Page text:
The need for a president in any country arises because there needs to be a single individual, who should drive the bus of nationhood. Anything contrary, would amount to confusion, a situation that comes when there are too many drivers on one steering wheel. Thus, the position of a president is that of an individual who is chosen based on merit, in terms of the public’s perception of his abilities to play the sublime role of leadership, adeptly. Since the president is chosen based on the people’s conviction that he has got what it takes to direct a nation, his spouse cannot grab some of these powers, even in his absence, because, she may not have the qualities upon which the election of her husband rested. Instead, there is the Office of the Vice President. Thus, no matter how trivial, taking up part of the powers of the President, by his other half, amounts to a constitutional abuse that can smear the office of the President and the nation, at large.
Hence, Nigerians, and many outside of it, were left wondering when the Nigerian First Lady, Dame Patience Goodluck Jonathan, summoned public officials over the issue of abduction of more than 200 girls in a boarding secondary school, in the town of Chibok in northeastern Nigeria, April, 14th. The Nigerian First Lady summoned the Borno State Commissioner of Education, the Divisional Police Officer (DPO) of Chibok town and the Principal of Government Secondary School Chibok, where the girls were abducted. Mrs. Jonathan, also, went ahead to direct the Police in Abuja to arrest a woman, Naomi Mutah, who was leading the #bringbackourgirls campaign. Mrs. Mutah was said to have been detained at the Asokoro Police Station in Abuja. Hours later, she was freed.
The history of power drunkenness, among first ladies in Nigeria, dates back to the era of guns and decrees. It is important to note, however, that even the decrees never gave any powers to any first lady to dip her hands into government coffers for the sake of a pet project, or to act as a sidekick to her husband on state matters. Precisely, it was during the IBB (Ibrahim Badamasi Babangida) military regime that Nigeria witnessed the early stages of first ladies’ intrusions into state matters. Late Mariam Babandiga used public funds to set up the Better Life Program for Rural Women.
Rather than end with the IBB regime however, the revelation of the password into public finances became a trend for late Mrs. Babangida’s successors. We were to see a replay by Maryam Abacha, late Stella Obasanjo, Turai Yar’adua, and, now, Dame Patience Jonathan. However, it was in the case of the last two that Nigerians saw the display of either pure ignorance or brazen audacity. Mrs. Yar’adua virtually assumed the role of the President, while her late husband lay in his sick bed. It was said that she dished out orders to cabinet ministers. Now, Mrs. Jonathan towed the same line, by summoning public officers and giving them orders, which were carried out, apprehensively, by public servants, desperate to secure their jobs.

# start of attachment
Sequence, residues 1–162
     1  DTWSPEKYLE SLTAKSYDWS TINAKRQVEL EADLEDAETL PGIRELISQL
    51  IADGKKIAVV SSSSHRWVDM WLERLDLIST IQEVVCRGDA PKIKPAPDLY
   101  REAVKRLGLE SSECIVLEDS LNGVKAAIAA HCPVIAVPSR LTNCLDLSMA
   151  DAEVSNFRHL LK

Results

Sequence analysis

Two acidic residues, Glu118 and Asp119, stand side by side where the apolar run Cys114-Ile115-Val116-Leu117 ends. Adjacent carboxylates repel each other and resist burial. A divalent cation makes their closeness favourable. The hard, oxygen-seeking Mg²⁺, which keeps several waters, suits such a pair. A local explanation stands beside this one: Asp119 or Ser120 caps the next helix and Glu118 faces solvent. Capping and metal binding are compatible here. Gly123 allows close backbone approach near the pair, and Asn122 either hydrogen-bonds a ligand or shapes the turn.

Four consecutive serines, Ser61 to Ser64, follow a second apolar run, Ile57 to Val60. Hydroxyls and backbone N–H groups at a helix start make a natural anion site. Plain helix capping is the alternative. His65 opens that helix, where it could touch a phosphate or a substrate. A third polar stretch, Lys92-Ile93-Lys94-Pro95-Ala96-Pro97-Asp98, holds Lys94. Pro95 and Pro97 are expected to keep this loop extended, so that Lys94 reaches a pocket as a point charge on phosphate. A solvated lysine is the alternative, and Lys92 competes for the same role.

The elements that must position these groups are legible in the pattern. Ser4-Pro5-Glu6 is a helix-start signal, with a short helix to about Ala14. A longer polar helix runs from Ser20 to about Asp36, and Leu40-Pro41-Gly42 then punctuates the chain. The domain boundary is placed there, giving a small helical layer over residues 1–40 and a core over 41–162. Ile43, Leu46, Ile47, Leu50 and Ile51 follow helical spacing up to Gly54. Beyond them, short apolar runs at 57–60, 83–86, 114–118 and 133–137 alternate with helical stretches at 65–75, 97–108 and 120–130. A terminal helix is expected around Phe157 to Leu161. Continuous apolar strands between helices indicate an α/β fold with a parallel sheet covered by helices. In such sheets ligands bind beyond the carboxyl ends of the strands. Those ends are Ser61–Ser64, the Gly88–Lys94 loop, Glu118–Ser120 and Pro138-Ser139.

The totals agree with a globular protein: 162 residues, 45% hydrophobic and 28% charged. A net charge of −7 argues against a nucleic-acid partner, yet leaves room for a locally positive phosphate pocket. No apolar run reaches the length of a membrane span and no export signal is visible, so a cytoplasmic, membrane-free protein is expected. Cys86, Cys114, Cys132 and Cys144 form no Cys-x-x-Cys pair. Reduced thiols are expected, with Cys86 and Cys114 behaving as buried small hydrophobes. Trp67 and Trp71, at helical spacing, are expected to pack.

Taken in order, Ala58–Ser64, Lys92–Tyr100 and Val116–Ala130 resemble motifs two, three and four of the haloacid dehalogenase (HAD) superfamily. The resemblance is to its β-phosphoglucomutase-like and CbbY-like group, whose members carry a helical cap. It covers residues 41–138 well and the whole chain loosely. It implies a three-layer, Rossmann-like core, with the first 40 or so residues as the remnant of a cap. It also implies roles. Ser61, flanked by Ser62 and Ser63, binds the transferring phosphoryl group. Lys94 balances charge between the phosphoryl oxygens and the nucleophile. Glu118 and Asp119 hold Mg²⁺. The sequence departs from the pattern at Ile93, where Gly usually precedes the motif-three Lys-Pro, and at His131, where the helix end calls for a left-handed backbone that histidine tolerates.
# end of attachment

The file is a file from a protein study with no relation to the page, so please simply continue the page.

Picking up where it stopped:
The idea of first ladies in power corridors has become so established that it is replicated in the lower tiers of government –state governments and local governments.
First ladies have the right to run charity organizations. It is, however, the official font of the finances used to run such organizations that is the sticking point. In military regimes, it was easier for first ladies to get away with it. The hallmark of military regimes is, after all, the disregard to the wishes of the people.
The blemishes of the nation, as seen in the conduct of the First Lady, is, actually, a reflection of a broad gamut of troubles that no one cares to fix, not even persons with a constitutional duty to raise alarms in such situations. One sees an unraveling trend here, there and everywhere, within the Nigerian space. We see it in the area of health, where traveling outside of the country to treat, merely, flu is more of a fashion show, with the Nigerian cabinet members and the elite in the lead; in education where the same social strata of the nation considers it groveling to educate their kids within the nation; in the growing incidence of examination crimes within educational institutions across the country; in the bullying of ordinary citizens by Nigeria soldiers and general dormancy of the law; in the disregard for merit in recruitment into the civil service, a practice which compounds the already dire situation …
As it stands now, there seem to be an unwritten piece of legislation that empowers a Nigerian first lady to intrude into official matters, either in terms of using the nation’s resources to fund a personal project, or by giving orders to public officials. Eventually, a day will come when a first lady will present a budget before parliament, sign it, reject legislative amendments of portions of it, etc.
Now, every man with a political ambition, whether at the national, state or grassroots level, is careful when choosing a spouse -she has to be presentable to the public, in terms of her appearance, fluency and general conduct, since she would, definitely, get involved in official matters.